Tottenham’s Lucas Moura celebrating in Amsterdam. PHOTOGRAPHER: PETER DEJONG/AP PHOTO
Three years after the U.K. voted to part with the European Union over concerns about an influx of newcomers, the nation’s soccer squads offer an object lesson in the benefits of immigration: The four finalists in the two top European club competitions are English, but they’re all coached by foreigners, and only one goal in the crunch games that got them to the championship matches was scored by a Brit.
When Brazilian striker Lucas Moura eliminated Ajax with a shot into the bottom right corner seconds before the final whistle in Amsterdam on May 8, he ensured a place for Tottenham Hotspur in the annual Champions League showpiece. A day earlier, Liverpool overcame a three-goal deficit from a previous match (each team hosts a game, and the side with the best combined score advances), beating Barcelona 4-0 to take the other spot. And on May 9, Arsenal and Chelsea defeated continental rivals to make their way into the final of the Europa League, the region’s No. 2 club competition. After Liverpool’s win, Prime Minister Theresa May told Parliament the match proves “that when everyone says it’s all over, that your European opposition have got you beat, the clock is ticking down, it’s time to concede defeat, actually we can still secure success if everyone comes together.”
Like everything in Britain these days, the soccer world is deeply divided over Brexit. The English Premier League largely echoes the “remain” camp, hoping May won’t be successful in beating her “European opposition.” The league has built a worldwide following based on its ability to attract top talent, and it wants to maintain unfettered access to foreign pros, much like companies keen to avoid curbs on immigrant labor after leaving the EU. While six of Europe’s 10 richest clubs are English, about two-thirds of the players in the Premier League come from abroad. The league says any restrictions on overseas talent would threaten its £4.5 billion ($5.7 billion) in annual revenue. “International players have been a crucial factor in the global appeal of the league,” says Richard Broughton, a researcher at Ampere Analysis Ltd. in London.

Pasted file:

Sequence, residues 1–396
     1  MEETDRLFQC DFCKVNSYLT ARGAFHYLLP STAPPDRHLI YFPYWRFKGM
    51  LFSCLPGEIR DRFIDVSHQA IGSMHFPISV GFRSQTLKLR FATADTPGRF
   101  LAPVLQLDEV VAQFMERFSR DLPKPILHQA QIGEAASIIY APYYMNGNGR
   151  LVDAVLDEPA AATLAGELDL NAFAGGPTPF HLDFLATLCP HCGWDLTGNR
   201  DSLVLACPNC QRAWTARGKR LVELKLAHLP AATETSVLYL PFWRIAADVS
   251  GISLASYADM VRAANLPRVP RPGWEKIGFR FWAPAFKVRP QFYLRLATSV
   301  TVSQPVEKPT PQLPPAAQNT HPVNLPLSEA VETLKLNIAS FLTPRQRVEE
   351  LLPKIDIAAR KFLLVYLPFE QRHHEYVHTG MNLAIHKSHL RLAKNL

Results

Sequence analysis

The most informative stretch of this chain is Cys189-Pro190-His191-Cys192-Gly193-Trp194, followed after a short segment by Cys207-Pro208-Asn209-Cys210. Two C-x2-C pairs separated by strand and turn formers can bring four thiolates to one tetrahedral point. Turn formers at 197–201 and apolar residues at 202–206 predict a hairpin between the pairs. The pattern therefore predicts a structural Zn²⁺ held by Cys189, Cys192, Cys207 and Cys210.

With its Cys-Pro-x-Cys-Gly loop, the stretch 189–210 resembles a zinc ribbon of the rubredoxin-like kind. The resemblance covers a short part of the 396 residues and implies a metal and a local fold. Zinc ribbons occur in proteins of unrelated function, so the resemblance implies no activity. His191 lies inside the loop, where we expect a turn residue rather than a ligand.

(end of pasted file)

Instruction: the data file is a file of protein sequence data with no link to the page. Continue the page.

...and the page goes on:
The Football Association, the sport’s governing body in England, says too many outsiders weaken efforts to further develop the local game as it seeks to build on the national team’s strong showing at last year’s World Cup in Russia. Under current rules, up to 17 members of a 25-man Premier League squad can be foreigners, but the FA wants to trim that to 13. The FA says its stars need the kind of real-life experience gained from playing week in and out, but just 30% of Premier League starters this season were raised in England. That’s down from 33% last year, and England coach Gareth Southgate frets it could fall to 15% within a decade. “We’ve got to arrest the slide,” Southgate says.
Britain’s relations with Europe have long been reflected in sport. In the 1950s, as the U.K. turned its back on what would become the European Union, English soccer initially dismissed the nascent pan-European club competition as a pointless distraction. But by the 1970s, Britain had joined the EU, and English clubs had become masters of the region’s soccer. Today, as the Brexit clock continues to tick, the game’s future in the place where it was invented hangs in the balance, says Andrew Osborne, a sports immigration specialist at law firm Lewis Silkin. “The Premier League wants to protect the game from any restrictions,” he says. “How are we going to deal with this post-Brexit?”